anti-Semitism and allowing anti-Israeli protests. On issues regarding
the Jewish state, it tolerates no criticism.
Shorter felt its wrath. At issue was also judging him " 'in the court
of public opinion' by releasing information to the press without his
In the 2012 winter quarter, he taught W33: Tribal Worldviews. He used
a university provided web site for course material. It covered "indigenous
uses of media around the globe to assert their claims of sovereignty."
His site contains source materials and URLs related to struggles throughout
the world. UN documentation on Palestine is included. They're called
indigenous people. In March, the course ended. So did access to the
site. Only students could view it.
In response to Professor Leung's concern, Shorter emailed her his syllabus
and a URL about groups targeting US professors for their Palestinian
On April 11, Leung gave him a choice. Either teach about a petition
or be a signatory, not both. In response, Shorter said he'd consider
the implications of Leung's demand.
He requested deferring comment until next academic year. Clearly, Leung
was academically and constitutionally out of line. Academic and speech
freedoms are inviolable.
UCLA and other US higher education institutions have other rules. So
do Canadian and perhaps European ones as well. On April 12, Leuchter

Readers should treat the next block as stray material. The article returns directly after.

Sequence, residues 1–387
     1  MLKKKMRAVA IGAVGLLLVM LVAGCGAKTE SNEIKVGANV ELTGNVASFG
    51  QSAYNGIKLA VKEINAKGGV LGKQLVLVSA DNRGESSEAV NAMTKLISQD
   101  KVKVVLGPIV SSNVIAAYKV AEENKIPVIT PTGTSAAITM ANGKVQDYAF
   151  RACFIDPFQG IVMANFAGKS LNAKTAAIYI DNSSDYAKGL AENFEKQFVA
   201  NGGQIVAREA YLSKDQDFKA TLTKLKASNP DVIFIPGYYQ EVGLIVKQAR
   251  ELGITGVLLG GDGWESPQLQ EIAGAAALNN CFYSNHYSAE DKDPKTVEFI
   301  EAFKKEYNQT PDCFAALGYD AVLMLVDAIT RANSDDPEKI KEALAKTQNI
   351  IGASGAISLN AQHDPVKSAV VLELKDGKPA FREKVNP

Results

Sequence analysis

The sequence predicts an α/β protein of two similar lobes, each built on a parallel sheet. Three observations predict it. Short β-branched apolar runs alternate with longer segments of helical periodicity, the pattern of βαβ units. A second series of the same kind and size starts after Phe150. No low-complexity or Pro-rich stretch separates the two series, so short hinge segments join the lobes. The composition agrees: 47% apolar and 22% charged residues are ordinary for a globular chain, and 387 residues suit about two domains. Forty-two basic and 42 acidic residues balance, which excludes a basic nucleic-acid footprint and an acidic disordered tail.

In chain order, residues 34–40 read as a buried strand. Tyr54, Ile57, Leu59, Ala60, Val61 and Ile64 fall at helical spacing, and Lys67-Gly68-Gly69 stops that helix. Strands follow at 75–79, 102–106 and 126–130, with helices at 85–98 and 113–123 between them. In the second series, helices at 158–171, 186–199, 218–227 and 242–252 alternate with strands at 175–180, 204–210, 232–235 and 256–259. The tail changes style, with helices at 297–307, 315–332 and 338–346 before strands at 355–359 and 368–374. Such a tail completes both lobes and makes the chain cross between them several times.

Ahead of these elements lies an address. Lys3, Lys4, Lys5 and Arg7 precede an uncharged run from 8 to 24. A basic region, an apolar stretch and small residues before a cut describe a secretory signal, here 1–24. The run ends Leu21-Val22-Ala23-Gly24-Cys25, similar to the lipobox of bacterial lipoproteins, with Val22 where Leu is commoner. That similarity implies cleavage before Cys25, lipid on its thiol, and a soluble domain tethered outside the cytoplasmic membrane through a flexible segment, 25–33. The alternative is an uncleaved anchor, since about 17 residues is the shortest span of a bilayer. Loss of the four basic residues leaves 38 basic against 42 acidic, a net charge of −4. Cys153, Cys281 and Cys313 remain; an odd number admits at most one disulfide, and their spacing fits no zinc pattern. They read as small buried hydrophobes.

emailed his complaint. He copied signatories endorsing it. They included
“US Senators and University Administrators." He said:
"posting of such materials is not appropriate. Professor Shorter's chair
assures me that he understands his serious error in judgment and has
said he will not make this mistake again."
In response, AMCHA issued a press release. It claimed victory over an
anti-Israeli professor. It quoted Leuchter verbatim. It made it appear
that UCLA found "his actions were inappropriate."
On April 13, the Chronicle of Higher Education, Inside Higher Education,
and the Los Angeles Times contacted Shorter to comment about university
disciplinary action. No one told him his private conversation was communicated
broadly to outsiders.
On April 16, the LA Times headlined, "UCLA professor told not to link
class material to anti-Israeli campaign," saying:
Academic freedom's at issue. So aren't First Amendment rights. None
are more important. All are risked without this one.
"Leuchter said (Shorter) agreed not to repeat" linking his web site
to one "call(ing) for a boycott of Israel." Shorter said "he made no